Review of ‘Zoo’

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Biologist Jackson Oz sees things that the rest of the world seems incapable of seeing. Animal attacks against humans seem to be on the rise, but his efforts to warn people has him labeled as a crackpot. Then, on a trip to Botswana, where he meets French ecologist Chloe Tousignant, Jackson witnesses a coordinated lion attack that convinces him that something of global impact is happening. Soon, animal attacks all over the world are creating a sense of panic, and it’s up to Jackson and Chloe to convince the powers that be that time is past for the traditional responses to crisis—the survival of humanity is at stake, and humanity is the trigger for what’s happening.

Zoo by James Patterson and Michael Ledwidge is a chilling ecological thriller that will keep you on the edge of your seat, or as happened to me as I was sitting on my deck reading it and a fox came out of the nearby forest and barked at me before scuttling off, have you looking at animals with more than a little trepidation.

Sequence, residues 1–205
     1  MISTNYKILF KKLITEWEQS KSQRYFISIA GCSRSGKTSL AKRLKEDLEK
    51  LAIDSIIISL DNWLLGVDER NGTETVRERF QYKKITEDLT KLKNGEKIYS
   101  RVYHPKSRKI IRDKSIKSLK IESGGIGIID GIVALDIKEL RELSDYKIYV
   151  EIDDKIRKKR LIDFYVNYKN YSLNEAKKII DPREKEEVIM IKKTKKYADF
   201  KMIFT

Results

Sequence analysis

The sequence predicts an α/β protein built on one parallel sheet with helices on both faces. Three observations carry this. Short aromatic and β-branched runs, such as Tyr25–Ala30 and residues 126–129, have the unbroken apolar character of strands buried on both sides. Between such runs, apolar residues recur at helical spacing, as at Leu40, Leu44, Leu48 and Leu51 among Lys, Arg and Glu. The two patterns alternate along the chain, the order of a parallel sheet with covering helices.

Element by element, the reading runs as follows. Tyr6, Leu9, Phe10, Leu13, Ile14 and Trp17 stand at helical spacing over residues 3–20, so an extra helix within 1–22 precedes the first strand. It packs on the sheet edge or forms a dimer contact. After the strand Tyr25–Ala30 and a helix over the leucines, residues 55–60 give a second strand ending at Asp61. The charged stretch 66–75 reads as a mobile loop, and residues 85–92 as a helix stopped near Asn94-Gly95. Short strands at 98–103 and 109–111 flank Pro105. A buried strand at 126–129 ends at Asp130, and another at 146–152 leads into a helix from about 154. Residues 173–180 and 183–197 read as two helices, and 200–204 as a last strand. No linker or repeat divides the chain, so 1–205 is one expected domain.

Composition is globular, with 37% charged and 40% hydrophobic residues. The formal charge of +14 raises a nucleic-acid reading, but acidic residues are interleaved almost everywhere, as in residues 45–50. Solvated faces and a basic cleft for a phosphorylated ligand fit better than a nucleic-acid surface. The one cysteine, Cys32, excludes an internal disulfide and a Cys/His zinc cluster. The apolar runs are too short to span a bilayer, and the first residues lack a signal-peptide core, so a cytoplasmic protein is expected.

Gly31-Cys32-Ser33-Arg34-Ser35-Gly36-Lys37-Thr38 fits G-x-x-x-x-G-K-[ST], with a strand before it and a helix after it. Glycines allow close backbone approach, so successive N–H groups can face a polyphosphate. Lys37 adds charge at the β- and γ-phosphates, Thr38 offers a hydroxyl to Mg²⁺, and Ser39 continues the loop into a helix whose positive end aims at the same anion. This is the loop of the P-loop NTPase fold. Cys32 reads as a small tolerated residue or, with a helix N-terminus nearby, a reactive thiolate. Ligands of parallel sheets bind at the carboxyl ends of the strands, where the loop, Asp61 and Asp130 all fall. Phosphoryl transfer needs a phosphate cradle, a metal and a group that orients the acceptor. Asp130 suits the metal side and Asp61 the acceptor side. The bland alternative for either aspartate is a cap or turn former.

The action is typical of Patterson’s books, nonstop and bone-chilling. For readers who’ve seen episodes of the CBS series, ‘Zoo,’ the differences between the TV show and the book are striking. Oz and Chloe, for instance, have been given totally different backgrounds for the series, and the cause of the catastrophe has been changed to make it more suitable for a TV series. Both are great, but my preference is the book, with its classic Patterson ending—leaving you breathless, and waiting for the next shoe to fall.

This isn’t one of Patterson’s better books, but I give it four stars.

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